Wrong end of history
Downing, Trachsel relive milestone gopher balls
Posted: Wednesday July 25, 2007 1:08PM; Updated: Wednesday July 25, 2007 1:08PM
For every memorable home run ever hit, there's some poor sap who threw the pitch. For every Bobby Thomson there's a Ralph Branca. For every 61 or 62 or 71 or 715, there has been a Tracy Stallard, a Steve Trachsel, a Chan Ho Park and an Al Downing.
When Barry Bonds cranks career home run No. 756, hopefully very soon, the pitcher who serves up the record-breaker will become a trivia immortal, instantly joining a long list of players on the wrong side of history's most notable homers. It's an uncomfortable spot for some but, all in all, it's not a terrible place to be. It certainly beats not being remembered.
"Hank Aaron was going to hit that home run. Whether it was Monday, Tuesday, Wednesday or Thursday, it was going to be hit," Downing said. "And, for us, it didn't affect the rest of the season. So, I can say, everything has its positive side."
You don't have to be much of a trivia geek to know that it was the Dodgers' Downing who threw the down-the-freeway fastball that resulted in Aaron's record-breaking 715th home run on April 8, 1974, at Atlanta Stadium. Downing, a lefty with 14 big-league seasons under his belt at the time, let it go on a 1-0 count with a man on first.
Downing watched the line drive scream toward left-center (that was 24-year-old Dodgers outfielder Bill Buckner, who would be on the wrong end of another very historic play in the World Series a dozen years later, climbing the fence in vain), stood on the mound as a couple of fans stormed the field to follow Aaron along the basepaths and then cleared out for the ceremony once Aaron touched home plate, officially breaking Babe Ruth's long-held record.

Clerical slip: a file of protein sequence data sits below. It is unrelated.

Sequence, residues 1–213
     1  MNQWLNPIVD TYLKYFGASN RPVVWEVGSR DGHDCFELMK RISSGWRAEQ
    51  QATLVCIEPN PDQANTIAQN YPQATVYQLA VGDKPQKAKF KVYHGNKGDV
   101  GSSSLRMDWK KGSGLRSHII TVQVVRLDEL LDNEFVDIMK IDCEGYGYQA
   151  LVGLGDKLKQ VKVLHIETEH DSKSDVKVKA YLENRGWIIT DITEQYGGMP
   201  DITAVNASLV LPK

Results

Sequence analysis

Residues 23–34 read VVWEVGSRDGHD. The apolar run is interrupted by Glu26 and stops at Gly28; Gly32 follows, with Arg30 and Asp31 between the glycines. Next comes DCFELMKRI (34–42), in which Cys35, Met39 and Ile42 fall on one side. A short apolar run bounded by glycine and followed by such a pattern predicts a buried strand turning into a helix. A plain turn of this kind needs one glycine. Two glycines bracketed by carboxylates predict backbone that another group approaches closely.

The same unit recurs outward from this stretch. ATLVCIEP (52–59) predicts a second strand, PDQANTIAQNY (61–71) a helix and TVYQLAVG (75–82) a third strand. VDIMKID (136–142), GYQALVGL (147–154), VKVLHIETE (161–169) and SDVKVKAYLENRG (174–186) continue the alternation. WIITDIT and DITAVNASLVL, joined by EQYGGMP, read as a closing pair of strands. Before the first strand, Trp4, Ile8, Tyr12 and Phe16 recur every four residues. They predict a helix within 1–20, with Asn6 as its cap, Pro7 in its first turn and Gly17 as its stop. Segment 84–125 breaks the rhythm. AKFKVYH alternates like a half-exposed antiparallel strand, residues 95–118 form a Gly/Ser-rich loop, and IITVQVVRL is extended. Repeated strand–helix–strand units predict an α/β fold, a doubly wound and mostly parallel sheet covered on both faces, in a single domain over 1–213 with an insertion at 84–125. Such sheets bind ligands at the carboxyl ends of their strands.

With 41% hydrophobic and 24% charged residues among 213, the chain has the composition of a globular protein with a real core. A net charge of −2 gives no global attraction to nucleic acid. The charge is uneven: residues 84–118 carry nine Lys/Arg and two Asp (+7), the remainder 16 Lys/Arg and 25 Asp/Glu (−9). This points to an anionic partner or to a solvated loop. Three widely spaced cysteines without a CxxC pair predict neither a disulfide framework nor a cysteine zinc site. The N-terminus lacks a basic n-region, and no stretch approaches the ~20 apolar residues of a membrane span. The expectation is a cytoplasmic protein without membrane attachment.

Giving up a big home run like that could have been an ego-sapping moment for Downing. The Brooklyn Dodgers' Branca, who allowed the "Shot Heard 'Round the World" homer to Thomson that won the National League pennant for the New York Giants in 1951, struggled for years with his place in history. "Who would think that, 50 years later we would still be talking about it," Branca said in 2001, "but it is the most memorable moment in baseball history, voted that way. And I've lived with it for 50 years."
To be fair, there's really no comparing Branca's pitch to Downing's. Branca's pitch, and Thomson's home run, decided a pennant. Downing's pitch was historic, all right, but history was about all it was worth. It was only early April, after all, the second inning of the first road game of the season for the Dodgers, just the fourth game overall.
That was the great Aaron in the box facing him, too. Giving up No. 715 carried no particular stigma at the time for Downing. It still doesn't, 33 years later.
"This was a unique moment, and everyone in baseball understood it," said Downing, who was 32 at the time of the home run. "This was a moment that may never come again. Remember, nobody's promised anything. So when the big moment comes, you enjoy it."
As it turned out, 1974 ended up being a memorable year for Downing, even without the homer. The Dodgers would win 102 games that year and face the Oakland A's in the World Series. Downing started Game 3, a loss, and the A's won the series in five games. None of it had anything to do with an early April night in Atlanta.